Ask the Adviser: How can I build tax diversity into my portfolio? - Rodgers & Associates

Ask the Adviser: How can I build tax diversity into my portfolio?

Taxes are on the mind of almost every American these days. Whether you’re starting your first job or retiring from a long career, taxes are a part of your life. Regardless of life stage, “tax diversity” is a great way to enhance the longevity of your portfolio. This term refers to the tax-efficient use of a variety of investment accounts, each with a different tax treatment—pre-tax, taxable, or tax-free. Balancing these types of accounts can help lower your current and future taxes.

Here, we’ll look at each type of account and outline its parameters and purpose.

Pre-tax Investment Accounts

Retirement accounts such as 401(k)s, 403(b)s and tradi­tional IRAs are considered pre-tax (also called tax-deferred). Here’s what that means:

  • These accounts are funded with money before it’s been taxed (called pre-tax or tax-deductible contributions).
  • The earnings are tax deferred, so you won’t pay taxes until you withdraw funds.
  • You’re required to take withdrawals called Required Minimum Distri­b­u­tions (RMDs) beginning in the year you reach age 73 (if that occurs between the years 2023–2032) or age 75 (if that occurs in the year 2033 or later).
  • Withdrawals and RMDs are taxed as ordinary income, and the rate depends on your tax bracket.
  • Withdrawals made before age 59½ may face an additional 10% penalty tax.

Main idea: These types of retirement accounts can help reduce your taxable income today, but due to RMDs they can also move you into a higher tax bracket in retirement.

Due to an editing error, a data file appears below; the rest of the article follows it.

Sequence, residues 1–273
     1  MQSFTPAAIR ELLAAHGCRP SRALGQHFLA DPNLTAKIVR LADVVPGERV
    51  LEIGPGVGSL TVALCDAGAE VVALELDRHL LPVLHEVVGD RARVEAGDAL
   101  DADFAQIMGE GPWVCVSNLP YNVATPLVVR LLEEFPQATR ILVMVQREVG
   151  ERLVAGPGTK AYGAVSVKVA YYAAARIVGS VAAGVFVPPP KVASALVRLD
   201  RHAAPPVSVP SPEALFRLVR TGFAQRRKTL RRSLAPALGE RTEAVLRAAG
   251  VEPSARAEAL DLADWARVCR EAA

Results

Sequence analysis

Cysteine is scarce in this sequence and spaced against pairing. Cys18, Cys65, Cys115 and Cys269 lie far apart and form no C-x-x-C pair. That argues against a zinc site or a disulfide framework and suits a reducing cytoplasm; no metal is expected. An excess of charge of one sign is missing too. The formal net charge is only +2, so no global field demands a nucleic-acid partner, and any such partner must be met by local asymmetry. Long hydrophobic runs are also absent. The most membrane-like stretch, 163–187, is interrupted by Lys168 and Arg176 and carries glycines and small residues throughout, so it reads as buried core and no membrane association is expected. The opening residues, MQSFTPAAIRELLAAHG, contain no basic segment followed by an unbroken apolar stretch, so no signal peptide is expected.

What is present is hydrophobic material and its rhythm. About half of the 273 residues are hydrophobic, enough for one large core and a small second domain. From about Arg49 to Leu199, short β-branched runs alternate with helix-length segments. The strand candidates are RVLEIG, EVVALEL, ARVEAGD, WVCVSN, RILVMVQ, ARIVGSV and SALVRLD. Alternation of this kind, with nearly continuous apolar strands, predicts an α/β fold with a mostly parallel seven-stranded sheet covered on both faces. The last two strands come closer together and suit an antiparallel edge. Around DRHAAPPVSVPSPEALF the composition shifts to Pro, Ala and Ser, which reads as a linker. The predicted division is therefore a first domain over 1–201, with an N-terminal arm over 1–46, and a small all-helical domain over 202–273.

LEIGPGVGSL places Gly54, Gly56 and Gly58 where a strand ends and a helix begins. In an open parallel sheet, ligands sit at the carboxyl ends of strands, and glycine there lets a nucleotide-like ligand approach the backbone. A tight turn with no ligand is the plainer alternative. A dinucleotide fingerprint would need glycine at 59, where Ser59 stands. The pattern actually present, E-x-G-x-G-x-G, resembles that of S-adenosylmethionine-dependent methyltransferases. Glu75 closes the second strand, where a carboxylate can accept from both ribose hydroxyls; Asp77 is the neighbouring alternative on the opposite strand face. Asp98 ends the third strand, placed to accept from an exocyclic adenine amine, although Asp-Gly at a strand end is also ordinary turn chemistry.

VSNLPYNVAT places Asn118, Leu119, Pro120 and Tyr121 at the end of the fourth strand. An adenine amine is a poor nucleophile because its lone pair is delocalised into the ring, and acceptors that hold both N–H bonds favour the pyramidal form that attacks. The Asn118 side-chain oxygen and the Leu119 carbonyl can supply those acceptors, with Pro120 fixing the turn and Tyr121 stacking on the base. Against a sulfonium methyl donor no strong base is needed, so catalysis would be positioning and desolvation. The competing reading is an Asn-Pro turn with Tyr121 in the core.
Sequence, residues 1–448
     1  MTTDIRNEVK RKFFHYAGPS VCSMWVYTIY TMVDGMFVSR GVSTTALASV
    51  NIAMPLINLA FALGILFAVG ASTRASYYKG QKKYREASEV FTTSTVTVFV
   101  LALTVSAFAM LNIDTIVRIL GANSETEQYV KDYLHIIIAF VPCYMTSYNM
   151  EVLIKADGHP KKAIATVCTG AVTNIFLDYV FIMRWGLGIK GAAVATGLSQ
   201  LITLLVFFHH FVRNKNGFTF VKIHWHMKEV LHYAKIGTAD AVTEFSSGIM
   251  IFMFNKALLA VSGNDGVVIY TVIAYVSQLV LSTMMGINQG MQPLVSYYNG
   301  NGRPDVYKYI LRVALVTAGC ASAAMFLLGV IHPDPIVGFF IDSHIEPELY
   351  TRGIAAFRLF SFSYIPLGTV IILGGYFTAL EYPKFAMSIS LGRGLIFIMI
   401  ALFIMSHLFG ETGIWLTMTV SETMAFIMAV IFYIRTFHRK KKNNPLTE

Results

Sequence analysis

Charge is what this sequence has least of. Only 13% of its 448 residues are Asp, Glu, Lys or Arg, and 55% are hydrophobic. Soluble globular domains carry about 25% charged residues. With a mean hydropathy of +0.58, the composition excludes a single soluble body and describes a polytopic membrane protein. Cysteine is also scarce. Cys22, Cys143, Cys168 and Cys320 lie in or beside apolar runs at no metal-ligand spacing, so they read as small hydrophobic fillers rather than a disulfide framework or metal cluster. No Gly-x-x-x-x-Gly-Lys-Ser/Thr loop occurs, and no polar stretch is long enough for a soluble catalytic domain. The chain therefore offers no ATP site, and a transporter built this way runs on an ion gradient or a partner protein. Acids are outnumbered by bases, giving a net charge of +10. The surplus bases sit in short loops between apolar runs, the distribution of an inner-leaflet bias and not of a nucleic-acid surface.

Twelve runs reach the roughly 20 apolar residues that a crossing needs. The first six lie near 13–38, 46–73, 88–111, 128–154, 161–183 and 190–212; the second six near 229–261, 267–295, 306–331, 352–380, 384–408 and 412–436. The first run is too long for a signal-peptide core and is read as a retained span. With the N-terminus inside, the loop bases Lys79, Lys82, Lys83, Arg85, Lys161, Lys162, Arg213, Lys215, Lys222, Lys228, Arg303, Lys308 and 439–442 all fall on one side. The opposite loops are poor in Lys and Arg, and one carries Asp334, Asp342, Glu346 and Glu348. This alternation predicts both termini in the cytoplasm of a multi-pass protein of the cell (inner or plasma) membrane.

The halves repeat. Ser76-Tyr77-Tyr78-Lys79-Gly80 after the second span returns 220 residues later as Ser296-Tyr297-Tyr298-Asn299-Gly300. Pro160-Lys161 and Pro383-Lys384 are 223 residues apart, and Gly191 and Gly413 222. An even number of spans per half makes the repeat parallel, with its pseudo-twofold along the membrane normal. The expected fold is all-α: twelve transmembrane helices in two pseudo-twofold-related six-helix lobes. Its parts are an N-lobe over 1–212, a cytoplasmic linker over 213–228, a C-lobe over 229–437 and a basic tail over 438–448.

Tax-free Investment Accounts

This category includes Roth IRAs and Roth 401(k)s, as well as Health Savings Accounts (HSAs). These accounts operate as follows:

  • Most tax-free investment accounts are funded with money that’s already been taxed (called after-tax contributions).
  • An HSA can be funded with tax-deductible contri­bu­tions or pre-tax income if you have a high-deductible health plan through your employer.
  • The earnings are generally tax deferred.
  • Roth IRA or Roth 401(k) distri­b­u­tions are usually tax free, if distri­b­u­tions are taken after age 59½ and the Roth account is at least five years old. You’ll be taxed on earnings if the withdrawals are made before age 59½ (and a 10% penalty tax may also apply).
  • HSA withdrawals are only tax free if the money is used on qualified medical expenses.
  • These accounts are not subject to RMDs.

Main idea: The benefits of Roth accounts generally arrive as you’re nearing or in retirement, because you can withdraw money tax-free.

Taxable Investment Accounts

Standard brokerage accounts, which are generally comprised of stocks and bonds, are fully taxable. Here’s what to keep in mind:

  • These accounts are funded with after-tax money.
  • You pay taxes on yearly dividends, interest earnings, and capital gains (when you sell stocks).
  • The tax amount depends on your tax bracket, how long you held an investment before it sold, and whether dividends are considered qualified or non-qualified.
  • You may be able to deduct investment losses, subject to certain tax rules.

Main idea: A standard brokerage account provides the most flexi­bility in terms of uses and withdrawals. It’s a good addition if you’ve maxed out contri­bu­tions to your retirement accounts and want to continue investing for retirement.

In a perfect world, your funds would be equally distributed across these types of accounts, but of course most situa­tions don’t allow for that. For example, higher income earners are generally more incen­tivized to max out their pre-tax accounts, after which they would add to tax-free and taxable accounts (creating an uneven distri­b­ution). The best approach is to consult your adviser and work together to determine the right allocation for your situation.